Ullu’s head started spinning after listening to Kabbu’s long description of Cybersher’s new fascination. All these strange words were getting too much for him: Internet, cyberspace, surfing and netizen!
“Tell me Kabbu, where does your job fit in to all this?” Ullu asked.
“Cybersher is now sending e-mail all over Jungledom. And he is also encouraging the other animals to do the same. He is planning to open Cyber Cafes where the animals can sit and surf the Net as well as send Email. Now, tell me if everyone starts sending e-mail what are my boys and I supposed to do?”
“Wait, wait,” Ullu said. “Now what is Emale? I have heard of male and female, but I have never heard of an Emale.”
“No, no. e-mail stands for electronic mail. And the word is spelt as e-m-a-i-l, not E-m-a-l-e. It is used for sending letters from one computer to the other. It takes only seconds for the letter to go and hardly costs anything.”
“Sounds too good to be true.”
“It is true. That is why I am moping. And you know what my mail is now called? It has been nicknamed Snailmail, because it’s so slow when compared to e-mail!” Kabbu said in a low voice, and with a sad flutter of his wings, he flew away.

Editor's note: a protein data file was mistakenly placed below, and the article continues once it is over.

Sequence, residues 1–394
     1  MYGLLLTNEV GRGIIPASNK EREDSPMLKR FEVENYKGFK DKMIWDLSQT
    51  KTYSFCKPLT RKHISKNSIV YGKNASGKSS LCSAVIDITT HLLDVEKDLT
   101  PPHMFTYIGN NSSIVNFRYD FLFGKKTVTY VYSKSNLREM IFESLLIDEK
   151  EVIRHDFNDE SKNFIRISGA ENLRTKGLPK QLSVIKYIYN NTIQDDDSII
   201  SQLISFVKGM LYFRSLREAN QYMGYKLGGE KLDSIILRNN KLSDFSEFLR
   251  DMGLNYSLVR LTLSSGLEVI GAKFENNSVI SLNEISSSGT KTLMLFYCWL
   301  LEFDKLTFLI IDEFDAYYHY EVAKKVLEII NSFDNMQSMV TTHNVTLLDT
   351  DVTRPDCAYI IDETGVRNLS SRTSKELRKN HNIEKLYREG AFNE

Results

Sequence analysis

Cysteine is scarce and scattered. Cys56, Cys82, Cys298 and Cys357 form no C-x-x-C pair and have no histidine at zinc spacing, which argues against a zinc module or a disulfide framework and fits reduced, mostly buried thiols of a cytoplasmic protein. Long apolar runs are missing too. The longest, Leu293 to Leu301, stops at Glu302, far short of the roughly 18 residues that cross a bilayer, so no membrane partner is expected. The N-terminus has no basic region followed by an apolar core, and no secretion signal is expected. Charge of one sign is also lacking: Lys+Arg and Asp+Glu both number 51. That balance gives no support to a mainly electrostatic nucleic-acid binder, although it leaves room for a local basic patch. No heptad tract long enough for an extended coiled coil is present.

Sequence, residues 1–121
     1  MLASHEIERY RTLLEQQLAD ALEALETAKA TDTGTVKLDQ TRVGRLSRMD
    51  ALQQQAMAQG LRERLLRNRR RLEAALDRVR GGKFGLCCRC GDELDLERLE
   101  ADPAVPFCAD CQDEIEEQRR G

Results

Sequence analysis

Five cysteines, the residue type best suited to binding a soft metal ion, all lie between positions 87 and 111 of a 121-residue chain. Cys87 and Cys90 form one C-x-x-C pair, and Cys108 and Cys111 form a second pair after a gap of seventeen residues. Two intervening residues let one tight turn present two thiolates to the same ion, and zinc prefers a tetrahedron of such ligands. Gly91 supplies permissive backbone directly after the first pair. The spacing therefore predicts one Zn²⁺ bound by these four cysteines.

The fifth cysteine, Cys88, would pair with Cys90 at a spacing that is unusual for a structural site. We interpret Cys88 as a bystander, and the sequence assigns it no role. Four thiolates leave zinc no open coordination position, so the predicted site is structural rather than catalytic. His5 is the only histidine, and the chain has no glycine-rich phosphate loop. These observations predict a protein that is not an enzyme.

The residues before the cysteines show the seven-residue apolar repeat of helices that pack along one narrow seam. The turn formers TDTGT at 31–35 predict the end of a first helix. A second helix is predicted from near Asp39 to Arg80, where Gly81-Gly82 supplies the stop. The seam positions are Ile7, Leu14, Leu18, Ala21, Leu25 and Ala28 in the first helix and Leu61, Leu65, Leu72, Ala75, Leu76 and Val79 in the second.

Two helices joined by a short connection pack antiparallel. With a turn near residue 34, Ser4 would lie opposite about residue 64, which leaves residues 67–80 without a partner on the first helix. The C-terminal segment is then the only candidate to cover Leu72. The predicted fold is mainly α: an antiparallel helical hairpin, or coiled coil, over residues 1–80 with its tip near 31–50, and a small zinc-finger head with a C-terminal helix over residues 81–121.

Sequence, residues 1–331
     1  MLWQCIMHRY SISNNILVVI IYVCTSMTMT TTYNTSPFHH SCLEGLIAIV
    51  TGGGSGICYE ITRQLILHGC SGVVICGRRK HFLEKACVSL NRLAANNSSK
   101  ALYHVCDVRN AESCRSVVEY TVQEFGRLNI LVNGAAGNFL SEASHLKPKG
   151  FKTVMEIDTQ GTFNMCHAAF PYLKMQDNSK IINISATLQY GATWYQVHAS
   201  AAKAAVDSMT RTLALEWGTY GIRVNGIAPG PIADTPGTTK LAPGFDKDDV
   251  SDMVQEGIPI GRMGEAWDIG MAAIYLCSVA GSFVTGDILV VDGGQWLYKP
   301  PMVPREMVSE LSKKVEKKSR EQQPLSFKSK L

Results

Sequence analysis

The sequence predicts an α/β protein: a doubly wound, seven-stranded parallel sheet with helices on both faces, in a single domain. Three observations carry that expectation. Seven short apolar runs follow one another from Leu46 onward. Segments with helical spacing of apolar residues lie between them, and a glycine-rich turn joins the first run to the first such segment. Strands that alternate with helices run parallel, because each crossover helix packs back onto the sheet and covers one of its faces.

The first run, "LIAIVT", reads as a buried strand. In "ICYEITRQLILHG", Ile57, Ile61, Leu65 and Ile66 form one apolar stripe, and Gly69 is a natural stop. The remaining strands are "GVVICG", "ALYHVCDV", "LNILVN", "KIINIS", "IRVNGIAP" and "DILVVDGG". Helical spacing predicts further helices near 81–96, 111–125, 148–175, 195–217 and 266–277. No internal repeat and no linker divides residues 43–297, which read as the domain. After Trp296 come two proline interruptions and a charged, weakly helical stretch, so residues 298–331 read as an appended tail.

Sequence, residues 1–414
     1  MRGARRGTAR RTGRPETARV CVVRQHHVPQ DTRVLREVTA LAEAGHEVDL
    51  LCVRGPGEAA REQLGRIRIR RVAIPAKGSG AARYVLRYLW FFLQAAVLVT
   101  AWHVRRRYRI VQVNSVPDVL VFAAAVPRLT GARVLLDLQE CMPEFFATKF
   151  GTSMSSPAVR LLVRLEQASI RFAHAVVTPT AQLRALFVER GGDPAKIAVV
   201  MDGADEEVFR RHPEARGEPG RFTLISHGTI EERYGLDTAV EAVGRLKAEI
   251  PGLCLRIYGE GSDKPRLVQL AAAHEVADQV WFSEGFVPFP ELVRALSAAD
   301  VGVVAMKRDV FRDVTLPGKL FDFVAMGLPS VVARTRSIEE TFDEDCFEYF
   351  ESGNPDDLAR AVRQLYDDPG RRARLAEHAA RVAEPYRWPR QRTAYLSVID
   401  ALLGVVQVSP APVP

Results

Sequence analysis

Ullu sat in deep thought. He was the seniormost citizen of Olango and was treated with a lot of respect by Cybersher. He decided to go and meet Cybersher and have a little chat with him.
He found Cybersher sitting in front of a computer, his paw on a small funny-looking thing that he kept moving up and down.
“What is this?” Ullu asked, pointing to the device.
The king looked up. “Hello, Ullu! How are you? This is a mouse.”
“Wha… a mouse? It hardly looks like one. And even though you are squeezing the life out of it I can’t hear the slightest whimper. Is it dead?”
“Ha, ha!” Cybersher roared with laughter. “It is not a real mouse, Ullu,” he said, wiping tears from his eyes, “it is a computer mouse!”
“Oh!” Ullu sat down and watched Cybersher surf the Net.